When can you apply for retroactive TUEs?

You may be allowed to apply for a TUE retroactively for a prohibited substance if any of the below applies to you. This is defined in WADA’s International Standard for TUEs or “ISTUE”. Below, we have given you the most common examples for each situation where applications for retroactive TUEs are permissible, however, it is critical to check with your anti-doping organization.

Emergency or urgent treatment of a medical condition was necessary

  • An example of this would be Milena’s case. Life-threatening allergic reactions such as bee stings and nut allergies require immediate medical attention. Your well-being and health come first and must never be compromised. Urgent treatment should never be delayed because of TUE worries.

Due to exceptional circumstances, there was insufficient time or opportunity for an Athlete to apply for a TUE

  • Susan is a young promising swimmer. She suddenly makes the National Team as a backup. Her team is ready to go to the Worlds in a week. She is on treatment for her attention deficit disorder since her childhood. Four days later, she participates in an education session about TUEs. She has no time to go to her specialist and obtain the medical documents to apply.

The anti-doping rules required or permitted an Athlete to apply for a retroactive TUE

  • As an athlete, the first thing you need to do is find out if you actually need a TUE and to whom you need to apply. This depends on your competition level, country, and sport. Some anti-doping organisations may not require lower-level athletes to apply for a TUE in advance, which means before using the medication. These athletes may only need to apply if they have been tested and the medication is found in their urine or blood sample (i.e. you can apply after you have tested positive).

There are other exceptional situations that may occur. You need to contact either your national Anti-Doping organization or your international sport federation and check carefully with them. Remember, all of the above situations will let you apply for retroactive TUEs but it is not always guaranteed that your TUE will be granted.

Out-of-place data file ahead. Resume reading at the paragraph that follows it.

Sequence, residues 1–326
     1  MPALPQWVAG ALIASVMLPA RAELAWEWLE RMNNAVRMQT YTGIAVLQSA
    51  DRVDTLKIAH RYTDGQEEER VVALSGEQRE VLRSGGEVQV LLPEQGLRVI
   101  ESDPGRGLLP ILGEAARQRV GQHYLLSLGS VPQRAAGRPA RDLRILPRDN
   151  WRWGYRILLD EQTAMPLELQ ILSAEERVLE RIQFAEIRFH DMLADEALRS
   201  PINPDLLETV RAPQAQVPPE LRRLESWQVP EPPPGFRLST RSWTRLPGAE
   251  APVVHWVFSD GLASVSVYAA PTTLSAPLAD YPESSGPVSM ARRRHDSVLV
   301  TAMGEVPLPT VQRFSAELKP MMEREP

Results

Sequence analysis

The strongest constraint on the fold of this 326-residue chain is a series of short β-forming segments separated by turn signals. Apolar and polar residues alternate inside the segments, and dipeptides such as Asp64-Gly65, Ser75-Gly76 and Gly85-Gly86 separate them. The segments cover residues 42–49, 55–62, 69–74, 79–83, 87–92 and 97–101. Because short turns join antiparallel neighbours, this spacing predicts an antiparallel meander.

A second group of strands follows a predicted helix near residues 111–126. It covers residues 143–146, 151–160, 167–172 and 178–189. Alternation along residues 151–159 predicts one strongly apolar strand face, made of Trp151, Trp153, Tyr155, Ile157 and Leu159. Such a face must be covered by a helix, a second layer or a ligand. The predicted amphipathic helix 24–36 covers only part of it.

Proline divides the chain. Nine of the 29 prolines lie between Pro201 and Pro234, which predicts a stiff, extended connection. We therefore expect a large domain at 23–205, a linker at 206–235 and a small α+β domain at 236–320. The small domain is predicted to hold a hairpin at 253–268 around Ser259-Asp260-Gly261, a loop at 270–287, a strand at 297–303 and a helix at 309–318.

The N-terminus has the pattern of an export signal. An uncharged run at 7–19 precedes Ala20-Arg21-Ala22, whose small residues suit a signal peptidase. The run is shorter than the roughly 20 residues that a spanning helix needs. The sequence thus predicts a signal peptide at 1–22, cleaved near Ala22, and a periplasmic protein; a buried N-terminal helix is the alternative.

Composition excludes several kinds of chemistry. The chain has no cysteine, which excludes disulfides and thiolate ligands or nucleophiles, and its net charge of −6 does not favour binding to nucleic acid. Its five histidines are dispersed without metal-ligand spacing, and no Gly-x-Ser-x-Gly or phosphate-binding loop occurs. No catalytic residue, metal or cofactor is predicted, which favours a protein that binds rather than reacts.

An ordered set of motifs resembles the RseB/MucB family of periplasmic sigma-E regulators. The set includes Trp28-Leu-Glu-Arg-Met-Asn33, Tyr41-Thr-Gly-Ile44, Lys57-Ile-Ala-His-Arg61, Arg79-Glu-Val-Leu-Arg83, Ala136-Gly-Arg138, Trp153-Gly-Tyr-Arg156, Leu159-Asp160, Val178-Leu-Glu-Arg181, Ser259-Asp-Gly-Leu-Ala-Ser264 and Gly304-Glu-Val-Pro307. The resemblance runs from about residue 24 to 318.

All of the above are currently valid reasons that allow you to apply for retroactive TUEs. You can learn more about TUEs and their updates on the WADA e-learning platform, ADeL. The criteria will slightly change with the new version of the ISTUE in 2021. We will update the criteria as it becomes available.

So, what now for Milena?

Milena can apply retroactively, describing the emergency treatment with her team doctor, who submits a TUE application for the use of epinephrine injection. It contains a description of Milena’s symptoms when she started eating, the observations of her coaching team, and the records of the polyclinic doctor. Her team doctor has kept the note of Milena’s peanut allergy diagnosis on file.

The biggest problem with retroactive TUEs is that often, the documentation of what happened is not ideal. For example, an emergency was not observed, or there was no time for documenting it. Another example is a doctor who is not familiar with treating athletes and the anti-doping rules. Still, the application has to meet the official criteria for the TUE to be granted. It is very important to keep all medical documentation with you. We will describe how you can best prepare for this challenge in a future blog.

Don’t add more stress to your competition

The prompt medical treatment, as prescribed by her doctor, not only saved her life but luckily allowed for a quick recovery. She was fortunate that she knew about the anti-doping rules so that was able to get retroactive approval of her treatment before her fight. The last thing she needed at that time was further stress and anxiety.  

**based on a true story.


  • Yoko’s unique background is in sports pharmacy, epidemiology and doping as a public health issue. She has over 15-years of combined experience in clinical hospital pharmacy, international sports, and sport research. Her involvement includes international medical symposia, medical consensus statement workshops and clinical expert working groups. Yoko currently works with World Anti-Doping Agency (WADA) in Science and Medicine. Here, she globally monitors, conducts and facilitate guidance in the process of expert medical reviews and appeals of therapeutic use exemption (TUE) of substances banned in sport by elite level athletes. She is a former international level athlete in the sport of karate representing Canada. Yoko's ambition and drive is to inspire the next generation - in both health and sport.